After a conversation with a friend, I found a perfect way to express the fault in running back to an ex-partner and an unhealthy relationship. Once, in everyone’s lives, you have a moment of insecurity, and for a split second you remember your past relationship with a certain ex and you may be tempted to run back. However, deep down you know full well that this is not healthy, that the reasons why you broke up with that person are most likely still valid. And that you should not run back to comfortability, but towards new possibilities. I call this the ‘Gideon Graves’ theory – now if you are unfamiliar with the film ‘Scott Pilgrim vs the world’ then:
1. I suggest you watch the film as it is awesome.
2. It is actually a very interesting film in terms of the psychology of relationships and love.
So here is the ‘Gideon Graves’ theory on running back to unhealthy relationships:
Firstly, let’s flesh out the character that is ‘Gideon Graves’. They are the partner that you have underlining feelings for, someone that once made you feel comfortable in a relationship or someone you have crushed on for a very long time before getting into the relationship. However, no matter how hard you worked at the relationship, things did not work out and ended in a … well disaster, leaving you feeling extremely low. Now, fast forward to a time in your life where you no longer associate with that individual. One night you feel extremely low, depressed and in need of comfort, your brain flicks through memories until you land on your ‘Gideon Graves’. Now, in this moment, all you will see are the positives; the happy memories and the reason you feel in love with them. However, you may also twist bad memories to make them happy… falsifying a past with this ex-partner. This is dangerous territory because now you associate that unhealthy relationship with positives, making it easier for you to rationalise running back to them. You may even be in a happy relationship with someone new (Scott Pilgrim), but the desire for the old and familiar can become too strong sometimes, especially after arguments with your current partner.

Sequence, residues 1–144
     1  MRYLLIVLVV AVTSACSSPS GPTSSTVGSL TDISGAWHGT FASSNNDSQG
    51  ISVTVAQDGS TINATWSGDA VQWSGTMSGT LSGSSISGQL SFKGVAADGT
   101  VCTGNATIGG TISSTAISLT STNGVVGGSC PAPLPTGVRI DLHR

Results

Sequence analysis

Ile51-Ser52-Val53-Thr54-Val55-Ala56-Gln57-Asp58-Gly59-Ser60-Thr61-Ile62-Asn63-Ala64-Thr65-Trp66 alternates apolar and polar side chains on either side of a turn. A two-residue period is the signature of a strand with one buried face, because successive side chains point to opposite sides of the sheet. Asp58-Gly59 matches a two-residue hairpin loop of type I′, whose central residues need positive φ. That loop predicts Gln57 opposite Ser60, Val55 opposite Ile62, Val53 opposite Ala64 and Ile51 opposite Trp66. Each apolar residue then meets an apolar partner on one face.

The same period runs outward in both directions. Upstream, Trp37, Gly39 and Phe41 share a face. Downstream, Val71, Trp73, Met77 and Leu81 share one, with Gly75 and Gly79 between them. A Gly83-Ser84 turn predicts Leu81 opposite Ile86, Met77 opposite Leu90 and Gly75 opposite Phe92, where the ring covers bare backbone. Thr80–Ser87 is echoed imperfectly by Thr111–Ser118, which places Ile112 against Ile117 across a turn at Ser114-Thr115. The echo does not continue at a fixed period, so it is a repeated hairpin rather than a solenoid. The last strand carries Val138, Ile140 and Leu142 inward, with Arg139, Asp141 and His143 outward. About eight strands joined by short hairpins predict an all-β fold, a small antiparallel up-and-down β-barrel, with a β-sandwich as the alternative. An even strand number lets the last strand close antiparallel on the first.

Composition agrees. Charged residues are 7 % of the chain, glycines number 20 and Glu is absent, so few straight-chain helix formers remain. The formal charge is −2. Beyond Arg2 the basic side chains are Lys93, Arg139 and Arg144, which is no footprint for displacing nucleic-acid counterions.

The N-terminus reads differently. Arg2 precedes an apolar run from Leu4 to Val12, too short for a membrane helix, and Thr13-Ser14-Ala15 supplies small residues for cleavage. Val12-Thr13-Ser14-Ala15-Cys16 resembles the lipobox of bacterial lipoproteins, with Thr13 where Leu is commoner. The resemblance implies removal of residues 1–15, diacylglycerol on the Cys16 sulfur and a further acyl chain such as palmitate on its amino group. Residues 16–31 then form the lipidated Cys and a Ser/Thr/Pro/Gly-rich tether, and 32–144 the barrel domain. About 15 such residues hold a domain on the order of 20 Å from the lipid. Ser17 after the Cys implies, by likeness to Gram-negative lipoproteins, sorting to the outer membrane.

Before you grab your phone and text that individual, consider these points:
1. Remember your self-worth – in unhealthy relationships we lose our self-worth, our boundaries and the understanding of right and wrong. Before you run back to that partner, try to think of how you felt about yourself during that relationship and how different you have felt about yourself after it (including dating other people if you have).
2. You are thinking with your heart NOT your head – referring to my ‘Gideon Graves’ theory, you just cannot get him out of your head! However, this idea of that partner that you have created inside your head in the last five minutes is completely different to the real person or even the person you believed them to be the hour, day, month or year earlier.
3. You may be seeking closure – if the relationship ended without closure, you may be seeking that sense of closing the door on this period of your life. That is perfectly normal, but by re-entering that relationship to gain that closure will open wounds that were nearly healed.
4. Finally, he feels familiar – this is one that even I have just wanted. The comfort of an old, familiar partner, however it is never the same. Feelings change, people change and sometimes familiarity IS NOT WHAT YOU NEED. You will find that comfort in someone new, it just takes time.
Therefore, what you should take from this article is importantly to watch ‘Scott pilgrim vs the world’
… I’m kidding!
What you should take from this article and the ‘Gideon Graves’ theory is that running back to a relationship that you know is toxic and will not fulfil you is bad. You can have those feelings about that person every now and then, but before you grab your phone and call them, think through the four points previously spoken about. It will get easier to disassociate from that person, especially if you find someone who will treat your right, but the stronger you are at the start the easier it will become. Find yourself a Scott Pilgrim.